As the holiday season approaches, many young children will look forward to all of the new adventures the season brings.

But for some hesitant young souls, the thought of a new experience brings a fear of the unknown – especially if they have already lived through situations where they were unprepared (unpleasant travel, a hospital stay, divorce arrangements).

When a child knows what to expect ahead of time, he is less likely to experience fear. 

If you already know about the new experiences your child will be facing this season, perhaps you could take the time now to prepare him. Below is an example of how to assure and reassure a child that all will be well.

Recently, one of our associates traveled with her 3-year-old son to Northern Ireland. In anticipation of the airport ordeal, we wrote a 24 page picture book of what to expect. It included walking through the metal detector, the pat down, stroller storage, dinner and breakfast, sleeping on the plane (some passengers wore masks), restroom issues, when he would have access to his book bag, changing planes in London, luggage retrieval, and the taxi ride.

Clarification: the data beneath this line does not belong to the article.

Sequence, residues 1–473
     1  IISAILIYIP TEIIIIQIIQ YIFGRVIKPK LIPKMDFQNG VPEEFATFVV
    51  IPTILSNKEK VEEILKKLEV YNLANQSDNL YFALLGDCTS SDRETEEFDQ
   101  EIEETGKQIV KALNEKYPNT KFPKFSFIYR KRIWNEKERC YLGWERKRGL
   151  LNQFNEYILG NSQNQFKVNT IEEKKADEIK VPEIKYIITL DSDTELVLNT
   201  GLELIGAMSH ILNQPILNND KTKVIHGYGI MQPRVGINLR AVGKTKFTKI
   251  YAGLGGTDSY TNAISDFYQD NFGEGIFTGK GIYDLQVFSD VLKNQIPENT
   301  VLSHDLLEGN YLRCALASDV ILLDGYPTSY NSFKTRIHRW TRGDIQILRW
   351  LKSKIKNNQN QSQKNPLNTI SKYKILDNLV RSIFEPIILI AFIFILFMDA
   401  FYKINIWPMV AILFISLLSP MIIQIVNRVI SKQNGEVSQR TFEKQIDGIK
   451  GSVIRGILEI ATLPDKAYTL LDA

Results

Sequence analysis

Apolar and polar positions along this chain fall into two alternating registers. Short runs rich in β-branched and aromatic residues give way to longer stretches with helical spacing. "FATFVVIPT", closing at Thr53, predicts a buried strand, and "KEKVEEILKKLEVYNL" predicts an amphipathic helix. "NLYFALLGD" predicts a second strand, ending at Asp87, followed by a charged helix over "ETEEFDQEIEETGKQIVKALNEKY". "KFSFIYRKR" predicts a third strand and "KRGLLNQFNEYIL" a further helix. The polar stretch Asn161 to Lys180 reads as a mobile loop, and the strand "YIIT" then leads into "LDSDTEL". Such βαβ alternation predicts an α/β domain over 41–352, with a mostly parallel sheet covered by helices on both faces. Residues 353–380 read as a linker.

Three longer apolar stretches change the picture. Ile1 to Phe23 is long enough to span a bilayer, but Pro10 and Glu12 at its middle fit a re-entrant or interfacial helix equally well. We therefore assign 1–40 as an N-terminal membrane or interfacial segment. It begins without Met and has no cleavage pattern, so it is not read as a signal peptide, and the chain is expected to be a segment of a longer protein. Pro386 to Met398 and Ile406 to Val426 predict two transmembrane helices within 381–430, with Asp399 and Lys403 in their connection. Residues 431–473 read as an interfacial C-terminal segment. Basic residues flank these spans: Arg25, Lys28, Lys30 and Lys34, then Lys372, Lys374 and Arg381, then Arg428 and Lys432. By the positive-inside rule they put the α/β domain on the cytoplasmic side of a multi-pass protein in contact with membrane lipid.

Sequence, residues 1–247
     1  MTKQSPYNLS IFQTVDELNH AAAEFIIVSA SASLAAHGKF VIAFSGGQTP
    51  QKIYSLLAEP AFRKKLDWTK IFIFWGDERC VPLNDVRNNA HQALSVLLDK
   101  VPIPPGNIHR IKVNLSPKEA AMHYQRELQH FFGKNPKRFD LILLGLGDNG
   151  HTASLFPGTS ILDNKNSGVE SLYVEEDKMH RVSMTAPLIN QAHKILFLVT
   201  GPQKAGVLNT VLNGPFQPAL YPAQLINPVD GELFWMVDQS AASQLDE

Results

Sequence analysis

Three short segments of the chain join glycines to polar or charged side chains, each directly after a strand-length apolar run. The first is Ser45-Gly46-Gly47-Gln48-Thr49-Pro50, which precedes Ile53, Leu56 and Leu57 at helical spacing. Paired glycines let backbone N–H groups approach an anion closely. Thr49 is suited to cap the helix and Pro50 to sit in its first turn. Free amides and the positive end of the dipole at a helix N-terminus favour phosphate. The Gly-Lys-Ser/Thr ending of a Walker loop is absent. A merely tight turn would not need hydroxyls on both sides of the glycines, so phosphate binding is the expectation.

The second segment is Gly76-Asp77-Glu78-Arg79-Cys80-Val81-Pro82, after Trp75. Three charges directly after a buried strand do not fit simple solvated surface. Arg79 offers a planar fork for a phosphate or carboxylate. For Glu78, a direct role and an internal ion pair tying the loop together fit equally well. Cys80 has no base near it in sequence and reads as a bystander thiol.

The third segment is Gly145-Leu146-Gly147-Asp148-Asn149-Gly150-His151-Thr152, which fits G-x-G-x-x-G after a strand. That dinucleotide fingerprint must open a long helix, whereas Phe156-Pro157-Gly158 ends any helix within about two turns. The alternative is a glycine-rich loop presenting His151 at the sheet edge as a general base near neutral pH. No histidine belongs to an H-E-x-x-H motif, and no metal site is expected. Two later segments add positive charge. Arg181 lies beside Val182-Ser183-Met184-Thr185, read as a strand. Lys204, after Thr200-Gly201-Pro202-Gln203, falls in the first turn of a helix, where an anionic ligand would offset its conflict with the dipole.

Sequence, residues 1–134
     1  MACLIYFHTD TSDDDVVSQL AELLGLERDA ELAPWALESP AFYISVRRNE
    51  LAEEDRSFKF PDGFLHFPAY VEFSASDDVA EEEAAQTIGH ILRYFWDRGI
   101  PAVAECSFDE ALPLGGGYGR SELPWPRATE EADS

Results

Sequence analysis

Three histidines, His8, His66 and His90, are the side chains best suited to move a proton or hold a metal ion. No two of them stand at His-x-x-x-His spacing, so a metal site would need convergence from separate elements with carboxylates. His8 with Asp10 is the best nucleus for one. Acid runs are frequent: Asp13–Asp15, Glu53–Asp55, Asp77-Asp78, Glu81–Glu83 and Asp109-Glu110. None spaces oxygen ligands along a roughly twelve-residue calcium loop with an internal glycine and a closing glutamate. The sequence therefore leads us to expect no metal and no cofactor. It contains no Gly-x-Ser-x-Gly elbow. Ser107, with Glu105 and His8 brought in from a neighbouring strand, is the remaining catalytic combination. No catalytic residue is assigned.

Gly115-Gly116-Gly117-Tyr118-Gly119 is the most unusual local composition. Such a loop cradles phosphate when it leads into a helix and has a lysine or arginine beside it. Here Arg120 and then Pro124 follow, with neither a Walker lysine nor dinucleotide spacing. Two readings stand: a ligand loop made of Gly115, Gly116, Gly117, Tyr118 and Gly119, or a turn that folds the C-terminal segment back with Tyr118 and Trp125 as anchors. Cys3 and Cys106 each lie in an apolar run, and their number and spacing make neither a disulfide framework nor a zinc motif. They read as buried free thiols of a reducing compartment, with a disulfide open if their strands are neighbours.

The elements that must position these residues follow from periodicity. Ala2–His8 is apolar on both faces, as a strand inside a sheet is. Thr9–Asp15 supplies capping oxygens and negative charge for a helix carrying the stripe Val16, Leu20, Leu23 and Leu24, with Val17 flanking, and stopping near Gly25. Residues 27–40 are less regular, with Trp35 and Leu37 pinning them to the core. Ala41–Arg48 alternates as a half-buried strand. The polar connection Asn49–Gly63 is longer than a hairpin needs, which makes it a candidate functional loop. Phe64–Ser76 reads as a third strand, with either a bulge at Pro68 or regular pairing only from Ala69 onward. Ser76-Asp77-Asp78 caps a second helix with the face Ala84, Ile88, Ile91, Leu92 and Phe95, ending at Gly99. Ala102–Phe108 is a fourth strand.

The book and the trip were a wonderful success. He carried it in his book bag and referred to it often – on his own – for both the trip there and for the return flights.

Here are a few tips to help you write your own “Book of Anticipation.”

We bought a small, hard cover photo album at a dollar store. We had several designs to choose from and selected the one with the most sturdy binding. The pages were written in MSWord, with photos from Google images.

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The educational principle illustrated above is discussed on our website in the article titled “Building a Network of Prior Knowledge.

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